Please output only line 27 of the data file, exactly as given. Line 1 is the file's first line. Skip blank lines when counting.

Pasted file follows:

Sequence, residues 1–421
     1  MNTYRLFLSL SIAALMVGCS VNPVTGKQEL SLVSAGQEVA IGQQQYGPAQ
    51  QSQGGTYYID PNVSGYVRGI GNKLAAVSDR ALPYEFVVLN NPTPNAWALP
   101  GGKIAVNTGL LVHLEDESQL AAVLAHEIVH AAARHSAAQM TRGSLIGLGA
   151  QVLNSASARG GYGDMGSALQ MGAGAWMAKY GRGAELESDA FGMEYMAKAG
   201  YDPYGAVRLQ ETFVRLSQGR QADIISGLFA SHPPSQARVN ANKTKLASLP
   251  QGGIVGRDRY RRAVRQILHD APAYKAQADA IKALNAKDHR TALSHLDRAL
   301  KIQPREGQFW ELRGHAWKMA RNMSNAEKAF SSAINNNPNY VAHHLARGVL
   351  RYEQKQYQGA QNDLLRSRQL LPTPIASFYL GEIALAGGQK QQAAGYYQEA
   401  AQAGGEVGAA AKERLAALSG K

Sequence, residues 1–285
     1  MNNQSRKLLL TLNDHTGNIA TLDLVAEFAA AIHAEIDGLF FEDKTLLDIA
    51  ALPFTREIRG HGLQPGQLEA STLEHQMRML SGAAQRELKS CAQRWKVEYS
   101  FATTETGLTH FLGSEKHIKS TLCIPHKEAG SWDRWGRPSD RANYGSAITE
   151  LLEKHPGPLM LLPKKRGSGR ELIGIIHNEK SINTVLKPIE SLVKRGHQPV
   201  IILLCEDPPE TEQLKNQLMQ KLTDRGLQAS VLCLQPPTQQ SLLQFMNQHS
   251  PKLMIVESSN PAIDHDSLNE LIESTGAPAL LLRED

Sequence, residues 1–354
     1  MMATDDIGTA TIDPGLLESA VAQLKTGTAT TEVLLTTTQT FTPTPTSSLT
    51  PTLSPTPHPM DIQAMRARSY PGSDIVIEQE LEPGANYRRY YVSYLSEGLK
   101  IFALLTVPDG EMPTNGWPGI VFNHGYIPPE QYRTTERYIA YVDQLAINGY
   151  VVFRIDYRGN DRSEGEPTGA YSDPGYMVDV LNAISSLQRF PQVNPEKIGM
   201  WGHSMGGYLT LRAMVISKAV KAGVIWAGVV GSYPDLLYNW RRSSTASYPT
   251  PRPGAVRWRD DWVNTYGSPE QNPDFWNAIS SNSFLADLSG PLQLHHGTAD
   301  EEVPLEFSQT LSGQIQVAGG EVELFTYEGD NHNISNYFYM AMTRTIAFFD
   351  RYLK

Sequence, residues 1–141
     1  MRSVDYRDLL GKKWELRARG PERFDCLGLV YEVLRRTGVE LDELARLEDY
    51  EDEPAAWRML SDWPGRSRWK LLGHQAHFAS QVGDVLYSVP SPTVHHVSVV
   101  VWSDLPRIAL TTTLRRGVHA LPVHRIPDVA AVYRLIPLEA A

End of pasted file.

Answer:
Sequence, residues 1–141